The Wife is narrating her own experience, a fact she makes clear right at the start of her Prologue. As a narrator, the Wife seems candid and honest, freely admitting things a more inhibited person would hide, like her intention of engaging in sex as frequently as possible. Yet the Wife also owns up to being deceptive with her former husbands and claims that deceit is one of the God-given gifts of women. This admission complicates our ability to trust the Wife as a narrator. What's to prevent her from lying to us, too? Rather than trying to figure out what's true and what's not in what the Wife says, we're better served by trying to figure out what her statements indicate about her motivations. In other words, what is the Wife trying to do or gain by saying this or that?
While most of the Wife's Prologue is in first person, a substantial portion of it, from lines 241-384 and 437-456, are the Wife's re-enactment of how she spoke to her husbands, making it one of the rare narratives in literature in the second person. The Wife addresses her husband as "ye" and "thou" in this portion, as in "Thow seyst that dropping houses and eek smoke / And chyding wyves maken men to flee" (284-285). And that sentence pretty much sums up the content of the second person narration part of the Prologue: the Wife chides her husband by accusing him of saying horrible things about wives.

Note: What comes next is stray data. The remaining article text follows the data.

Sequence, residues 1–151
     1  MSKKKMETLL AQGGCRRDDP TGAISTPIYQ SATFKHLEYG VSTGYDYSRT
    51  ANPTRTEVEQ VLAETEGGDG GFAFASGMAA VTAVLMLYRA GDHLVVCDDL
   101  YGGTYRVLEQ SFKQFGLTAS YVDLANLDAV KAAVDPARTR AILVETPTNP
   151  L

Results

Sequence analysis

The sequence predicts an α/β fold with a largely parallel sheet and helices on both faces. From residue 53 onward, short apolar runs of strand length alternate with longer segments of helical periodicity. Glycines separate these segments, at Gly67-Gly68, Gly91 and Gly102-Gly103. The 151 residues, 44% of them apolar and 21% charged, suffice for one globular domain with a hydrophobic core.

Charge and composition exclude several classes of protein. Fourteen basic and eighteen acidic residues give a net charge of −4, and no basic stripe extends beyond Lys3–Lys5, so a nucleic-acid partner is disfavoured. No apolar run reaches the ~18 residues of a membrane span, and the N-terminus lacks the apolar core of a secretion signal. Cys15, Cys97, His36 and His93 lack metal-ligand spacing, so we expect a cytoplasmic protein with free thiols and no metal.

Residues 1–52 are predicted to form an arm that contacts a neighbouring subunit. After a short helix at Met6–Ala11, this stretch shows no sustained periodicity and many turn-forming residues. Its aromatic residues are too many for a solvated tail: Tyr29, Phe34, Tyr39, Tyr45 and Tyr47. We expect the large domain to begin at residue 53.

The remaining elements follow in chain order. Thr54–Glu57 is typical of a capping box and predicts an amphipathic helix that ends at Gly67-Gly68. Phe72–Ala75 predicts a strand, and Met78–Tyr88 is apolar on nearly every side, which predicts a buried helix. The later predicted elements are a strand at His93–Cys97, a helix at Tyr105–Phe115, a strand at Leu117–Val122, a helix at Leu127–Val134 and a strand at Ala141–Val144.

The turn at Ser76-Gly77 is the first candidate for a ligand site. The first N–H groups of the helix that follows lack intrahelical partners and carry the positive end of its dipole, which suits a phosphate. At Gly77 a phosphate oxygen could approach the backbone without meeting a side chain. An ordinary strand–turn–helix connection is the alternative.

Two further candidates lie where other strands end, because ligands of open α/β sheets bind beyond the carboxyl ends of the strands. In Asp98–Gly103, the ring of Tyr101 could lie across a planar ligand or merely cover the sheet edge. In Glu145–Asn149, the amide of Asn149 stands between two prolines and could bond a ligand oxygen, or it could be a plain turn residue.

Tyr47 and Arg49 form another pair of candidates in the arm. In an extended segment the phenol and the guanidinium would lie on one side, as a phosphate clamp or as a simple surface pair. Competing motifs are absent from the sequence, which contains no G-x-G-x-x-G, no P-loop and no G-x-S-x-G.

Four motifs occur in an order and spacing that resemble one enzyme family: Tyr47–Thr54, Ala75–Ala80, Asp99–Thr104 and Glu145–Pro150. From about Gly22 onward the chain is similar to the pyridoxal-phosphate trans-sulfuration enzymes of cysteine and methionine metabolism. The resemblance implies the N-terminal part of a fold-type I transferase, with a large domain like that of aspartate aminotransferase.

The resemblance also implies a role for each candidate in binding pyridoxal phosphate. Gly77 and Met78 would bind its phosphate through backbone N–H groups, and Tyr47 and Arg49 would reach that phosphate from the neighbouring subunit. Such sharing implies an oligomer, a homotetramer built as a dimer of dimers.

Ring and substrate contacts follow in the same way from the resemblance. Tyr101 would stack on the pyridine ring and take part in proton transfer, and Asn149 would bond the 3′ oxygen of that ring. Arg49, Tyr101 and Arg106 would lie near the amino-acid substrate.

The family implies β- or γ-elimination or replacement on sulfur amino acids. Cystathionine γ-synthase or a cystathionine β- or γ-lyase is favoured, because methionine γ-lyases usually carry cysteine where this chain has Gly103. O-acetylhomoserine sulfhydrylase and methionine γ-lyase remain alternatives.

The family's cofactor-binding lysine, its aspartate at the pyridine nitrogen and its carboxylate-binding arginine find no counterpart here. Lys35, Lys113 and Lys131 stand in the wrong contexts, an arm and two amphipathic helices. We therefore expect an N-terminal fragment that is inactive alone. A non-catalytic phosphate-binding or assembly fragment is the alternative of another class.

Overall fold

It's important to remember that the Wife doesn't have to re-enact her scolding. Instead, she could narrate it in the third person, as in, "Then I told my husband that he had said such and such." But by re-enacting it so that it's in second person, before a mostly male audience, the Wife's rant seems like it's addressed to them, and to us. The Wife's audience becomes implicated in the same antifeminist rhetoric of which the Wife accuses her husband, which, in a Prologue partially concerned with showcasing the ugliness of this rhetoric, is an effective strategic move.